A savage buzzing noise filled my helmet and Quoll went hurtling by, probably wondering why I was sitting in the middle of the road playing with my groin.
I set off in pursuit, but it was pointless. Not all the power in the world makes any difference if there is not enough ground clearance. Still, I wasn’t all that far behind – maybe three corners – but when I got to Ginger’s Creek, there was no Mick.
“Where’s Mick?” I asked.
“He went past here like he was on a mission,” Madart shrugged. “I think he’s chasing us.”
“Oh God,” I said. “He’ll stop when he runs you down, but since you’re here, he’ll stop when he hits the Pacific Ocean.”
The rest arrived unscathed and buzzing like a swarm of bees. The Ox has that effect. If it doesn’t kill you, it makes you the happiest person on earth.
We decided against lunch, having eaten a monstrous breakfast and opted for cold beer at Long Flat instead. And after entertaining Madart and Quoll with my cornering antics aboard the Boulevard, we finally came off the range and I gave the big Zook its head. Nothing came close. 85 and 95 kay sweepers were devoured at speeds so obscenely vile I was ashamed of myself. Rock solid stability was my reward and a grin the size of the Great Australian Bight.
Long Flat beer welcomed me with icy kisses of happiness and I rode into Port Macquarie a happy and contented man.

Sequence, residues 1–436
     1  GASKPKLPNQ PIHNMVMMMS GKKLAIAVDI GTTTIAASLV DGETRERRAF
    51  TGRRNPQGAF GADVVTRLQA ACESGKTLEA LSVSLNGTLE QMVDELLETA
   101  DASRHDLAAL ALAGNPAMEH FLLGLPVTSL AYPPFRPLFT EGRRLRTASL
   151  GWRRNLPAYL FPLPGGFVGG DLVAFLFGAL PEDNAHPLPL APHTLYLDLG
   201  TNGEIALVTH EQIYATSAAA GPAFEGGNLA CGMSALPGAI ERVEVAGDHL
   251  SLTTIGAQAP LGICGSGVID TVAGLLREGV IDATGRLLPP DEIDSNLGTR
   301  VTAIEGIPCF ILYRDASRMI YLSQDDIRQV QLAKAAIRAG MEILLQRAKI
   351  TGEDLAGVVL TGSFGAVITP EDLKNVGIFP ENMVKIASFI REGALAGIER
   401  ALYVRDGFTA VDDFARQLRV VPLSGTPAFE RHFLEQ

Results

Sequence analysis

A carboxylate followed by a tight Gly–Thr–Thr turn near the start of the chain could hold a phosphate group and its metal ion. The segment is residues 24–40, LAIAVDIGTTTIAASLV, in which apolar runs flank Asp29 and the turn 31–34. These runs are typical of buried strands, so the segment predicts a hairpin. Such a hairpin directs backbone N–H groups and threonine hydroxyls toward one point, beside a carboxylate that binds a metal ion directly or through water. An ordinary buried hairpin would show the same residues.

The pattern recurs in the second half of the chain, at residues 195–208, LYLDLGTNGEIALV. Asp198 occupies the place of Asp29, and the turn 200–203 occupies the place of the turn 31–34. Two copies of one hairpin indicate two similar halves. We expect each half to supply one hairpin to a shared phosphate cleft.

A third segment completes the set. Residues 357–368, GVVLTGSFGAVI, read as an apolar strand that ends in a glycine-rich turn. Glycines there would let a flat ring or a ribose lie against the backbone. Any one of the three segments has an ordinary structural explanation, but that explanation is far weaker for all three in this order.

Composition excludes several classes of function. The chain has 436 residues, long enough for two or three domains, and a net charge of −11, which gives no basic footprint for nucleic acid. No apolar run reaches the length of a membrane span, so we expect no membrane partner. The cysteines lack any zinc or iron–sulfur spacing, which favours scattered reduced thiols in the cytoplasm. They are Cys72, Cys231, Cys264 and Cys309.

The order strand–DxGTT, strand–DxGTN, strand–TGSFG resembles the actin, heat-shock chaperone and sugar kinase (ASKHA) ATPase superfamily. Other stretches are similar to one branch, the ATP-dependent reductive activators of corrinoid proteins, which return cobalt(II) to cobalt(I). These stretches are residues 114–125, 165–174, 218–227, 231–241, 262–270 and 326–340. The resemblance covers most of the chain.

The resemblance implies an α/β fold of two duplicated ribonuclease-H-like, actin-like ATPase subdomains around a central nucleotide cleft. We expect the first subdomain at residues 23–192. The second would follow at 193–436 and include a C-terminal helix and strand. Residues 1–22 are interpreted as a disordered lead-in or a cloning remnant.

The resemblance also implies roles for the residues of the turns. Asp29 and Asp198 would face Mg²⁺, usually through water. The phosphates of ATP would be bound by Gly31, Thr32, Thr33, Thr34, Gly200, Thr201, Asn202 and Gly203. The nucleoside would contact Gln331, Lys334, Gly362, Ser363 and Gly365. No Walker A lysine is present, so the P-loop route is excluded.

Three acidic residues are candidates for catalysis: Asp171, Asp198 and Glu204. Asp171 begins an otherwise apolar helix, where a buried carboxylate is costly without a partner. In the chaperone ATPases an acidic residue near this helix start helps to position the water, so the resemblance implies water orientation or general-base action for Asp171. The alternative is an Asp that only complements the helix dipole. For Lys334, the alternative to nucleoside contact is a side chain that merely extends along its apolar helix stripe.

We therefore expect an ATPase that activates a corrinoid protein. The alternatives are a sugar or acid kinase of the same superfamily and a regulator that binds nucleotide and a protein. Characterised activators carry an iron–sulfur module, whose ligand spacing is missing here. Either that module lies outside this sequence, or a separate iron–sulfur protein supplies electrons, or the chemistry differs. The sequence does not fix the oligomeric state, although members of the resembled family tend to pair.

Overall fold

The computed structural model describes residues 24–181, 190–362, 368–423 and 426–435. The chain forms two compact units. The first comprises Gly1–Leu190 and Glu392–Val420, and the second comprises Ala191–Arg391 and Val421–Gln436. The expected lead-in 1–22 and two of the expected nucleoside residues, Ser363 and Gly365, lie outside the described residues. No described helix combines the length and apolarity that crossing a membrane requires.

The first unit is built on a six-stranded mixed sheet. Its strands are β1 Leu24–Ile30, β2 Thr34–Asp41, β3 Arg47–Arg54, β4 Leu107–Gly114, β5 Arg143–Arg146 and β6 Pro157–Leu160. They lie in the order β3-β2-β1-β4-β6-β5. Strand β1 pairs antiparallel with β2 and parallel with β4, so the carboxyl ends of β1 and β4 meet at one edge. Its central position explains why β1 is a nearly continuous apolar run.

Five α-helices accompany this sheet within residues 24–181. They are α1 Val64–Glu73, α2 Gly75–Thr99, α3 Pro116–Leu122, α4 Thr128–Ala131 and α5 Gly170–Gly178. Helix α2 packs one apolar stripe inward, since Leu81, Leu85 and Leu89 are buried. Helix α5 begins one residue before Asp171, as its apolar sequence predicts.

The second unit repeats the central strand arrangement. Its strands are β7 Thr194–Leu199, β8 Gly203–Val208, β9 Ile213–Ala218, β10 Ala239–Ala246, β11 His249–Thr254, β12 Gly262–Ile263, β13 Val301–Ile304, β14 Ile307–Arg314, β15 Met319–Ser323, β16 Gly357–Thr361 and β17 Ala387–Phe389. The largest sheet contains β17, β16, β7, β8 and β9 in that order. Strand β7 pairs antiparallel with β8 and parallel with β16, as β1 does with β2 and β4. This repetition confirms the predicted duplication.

We ensconced ourselves at The Pier cos it had Hoegaarden on tap, and apart from a brief trip to our motel to dump our bikes and get a lift back in the courtesy bus, we didn’t much move all night.
But we did go to one other place after the couples went home to have grunty hog sex with each other, leaving me, Mick, Quoll, Tim and Madart to stare at the never-ending parade of delightful young babes out on a hot Saturday night. Then The Pier closed and Monique, the barmaid who’d been Quoll’s special love-interest all evening said we should go to the Beach House up on the water. They had good beer there and lots of things to look at, she said.
So we went.
Interestingly, even though most of us were old enough to have fathered the perfumed hordes who were in there, none of us had. So it was quite moral and proper and right that we admired them for the stunning examples of barely-dressed babe that they were.
The bouncers were friendly, and smaller than us. And every young male in the joint quickly realised that old leathery buffaloes like us were not to be trifled with. I even heard one bouncer (who had been working at the other place we were drinking in) nervously whispering to another one: “They’ve been sucking booze since 2pm but they don’t even look pissed!”
We were, but I wasn’t about to tell him that. Old leathery buffaloes have to keep some things secret from the young ‘uns.
The next morning, we set off for home. No-one was in any shape to ride back up the Ox and do Thunderbolt’s Way. We all just wanted to go home. It was hot, we were tired and we drifted home at our own pace. Except for Mick, who saw a police car coming the other way, went down two gears and disappeared into the distance.
I would like to thank my companions for their company over the weekend and for making my 26th Annual Xmas Road Party a wild and worthy weekend to remember.
Now, how many of you have ever been on a real Mystery Run?